Alone I weep, and lost, in hurt and pain.
My dreams seem shattered; mind's lamp flickers low.
I blame myself, but how am I to blame?
No grand design to build, nowhere to go.
The world turns its uncaring eye away.
I live or die: 'twill not be written much;
And as the sleepless night brings troubled day,
I long for crumbs of comfort, human touch.
Yet soon is Easter, and my thoughts now turn
To One Who, palm-applauded, still rode on:
His face set flint, as all His love did burn:
A cross awaiting, for God's only Son.
And as my tears descend, as winter rain,
I know Love lives, and I shall love again.

David John, Oxford, England.


As waves crash into foam upon earth's shores,
And all their driving force dissolves in peace,
So do my self-driv'n prides meet Your Resource,
Which bids their angry heaving surges cease;
And broken to a humbler, kinder form,
Which seeks to wash more gently, tired feet;
So does my life regain its long-lost norm,
With cooling balm Your patient Shores to greet;
And so Your Love receives me, drinks me in,
And all my life is peaceful, loving flow,
And to the deepest Ocean I am kin,
Whence I once came: whither I soon shall go;
But had I ne'er found peace upon Your Shore,
Had roamed my angry billows evermore.

David John, Oxford, England.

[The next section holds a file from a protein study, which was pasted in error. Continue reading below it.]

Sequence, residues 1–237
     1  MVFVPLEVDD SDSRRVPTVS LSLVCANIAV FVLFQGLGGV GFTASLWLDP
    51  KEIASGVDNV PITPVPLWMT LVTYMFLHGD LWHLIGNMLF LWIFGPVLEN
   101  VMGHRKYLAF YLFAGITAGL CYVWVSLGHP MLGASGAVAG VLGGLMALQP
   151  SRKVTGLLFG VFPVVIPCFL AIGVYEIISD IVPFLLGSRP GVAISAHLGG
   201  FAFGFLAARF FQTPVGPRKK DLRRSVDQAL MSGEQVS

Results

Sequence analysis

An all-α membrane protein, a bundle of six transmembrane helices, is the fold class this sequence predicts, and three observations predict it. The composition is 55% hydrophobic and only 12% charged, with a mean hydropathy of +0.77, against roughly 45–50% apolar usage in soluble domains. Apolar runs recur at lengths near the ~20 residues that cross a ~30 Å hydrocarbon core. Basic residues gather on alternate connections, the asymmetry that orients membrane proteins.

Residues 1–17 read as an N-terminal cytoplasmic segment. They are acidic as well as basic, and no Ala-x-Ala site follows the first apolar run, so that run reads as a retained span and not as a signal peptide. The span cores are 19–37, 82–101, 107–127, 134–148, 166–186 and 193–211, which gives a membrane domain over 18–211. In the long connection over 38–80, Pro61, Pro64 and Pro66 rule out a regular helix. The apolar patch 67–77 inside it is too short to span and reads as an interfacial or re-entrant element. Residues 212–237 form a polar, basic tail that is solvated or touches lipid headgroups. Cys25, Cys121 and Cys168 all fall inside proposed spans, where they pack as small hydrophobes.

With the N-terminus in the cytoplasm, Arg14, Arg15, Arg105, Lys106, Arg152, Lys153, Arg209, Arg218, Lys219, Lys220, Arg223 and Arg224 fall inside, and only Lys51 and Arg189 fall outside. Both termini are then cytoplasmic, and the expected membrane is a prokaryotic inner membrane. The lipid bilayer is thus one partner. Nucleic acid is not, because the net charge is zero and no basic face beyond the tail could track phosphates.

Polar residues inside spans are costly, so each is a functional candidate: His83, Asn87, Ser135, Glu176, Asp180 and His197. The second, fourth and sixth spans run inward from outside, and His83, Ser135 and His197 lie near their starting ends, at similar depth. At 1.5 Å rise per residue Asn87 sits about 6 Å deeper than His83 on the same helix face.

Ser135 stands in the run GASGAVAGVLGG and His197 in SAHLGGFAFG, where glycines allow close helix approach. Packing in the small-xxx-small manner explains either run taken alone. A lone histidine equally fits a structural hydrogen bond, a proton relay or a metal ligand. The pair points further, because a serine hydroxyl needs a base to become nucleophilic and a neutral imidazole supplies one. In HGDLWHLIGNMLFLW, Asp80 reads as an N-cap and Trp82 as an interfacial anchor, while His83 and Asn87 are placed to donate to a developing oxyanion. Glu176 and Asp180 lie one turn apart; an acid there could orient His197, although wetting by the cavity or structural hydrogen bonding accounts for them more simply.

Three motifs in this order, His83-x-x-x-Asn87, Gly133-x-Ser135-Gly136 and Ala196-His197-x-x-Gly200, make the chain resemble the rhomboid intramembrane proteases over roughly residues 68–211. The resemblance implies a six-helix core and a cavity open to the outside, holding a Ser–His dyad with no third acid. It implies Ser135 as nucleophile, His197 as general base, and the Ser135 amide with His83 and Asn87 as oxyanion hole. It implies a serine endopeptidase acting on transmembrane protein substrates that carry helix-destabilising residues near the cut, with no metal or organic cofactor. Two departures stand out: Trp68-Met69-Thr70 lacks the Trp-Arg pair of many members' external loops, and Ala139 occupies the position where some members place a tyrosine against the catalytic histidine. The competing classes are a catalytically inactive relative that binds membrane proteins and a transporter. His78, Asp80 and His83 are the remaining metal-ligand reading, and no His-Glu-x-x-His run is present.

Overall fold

In all my musings, this I did not grasp,
That he who thinks he knows, knows not at all,
And he who would the hand of princes clasp,
Must first from his own pomp and kingdom fall;
And then, with head bowed low, must bring his gift
To One Small Child Whose home is not His own,
And that weak Babe alone, his spirit lift,
Till all his earthly wealth he does disown;
And then, discredited, and knowing nought,
'Tis all his credit that he this does know;
And selling all, this one great pearl has bought -
Yet, true, was given, when head and heart bowed low.
So in his loss, he everything shall gain;
No more security to know, but LOVE'S blest chain.

David John, Oxford, England.


He weeps, as to this cold, hard world He comes,
Deep in His own creation, Child Divine.
From Paradise, amid the shining ones,
God's Son leaves Love's eternity for time.
He sighs as, sweetly, Mary's gaze He meets,
And lies all helpless, cradled in her care,
And knows the bitter, mingled with the sweet,
As sense assails Him in the cold night air.
He sleeps serene, as shepherds kneel silent;
The stars still shine for Him, Who lit their flame.
God dwells in Man: Supreme become servant,
Yet all shall know the power of His Name.
Those tiny hands hold hope in their embrace,
That smile lights all the world with heavenly grace.

David John, Oxford, England.


In passing through the night, I now have come
To where Love's child is born, in stable home;
I shall adore Him, for that fair, frail frame
Shall take my punishment one day - yea - this earth's blame.
When I have brought my gift, I shall depart,
Yet carry that sweet child within my heart,
On out into the night of doubt and sin;
Yet one bright star shall shine undimmed therein:
'Tis that which guides me on my pilgrim way,
To endless vistas of eternal day;
Its beams are as a crown beyond a cross,
To which I'll fix my gaze, through gain and loss,
For that fair child is born, and I rejoice!
His love, His cross, His crown, shall be my choice.

David John, Oxford, England.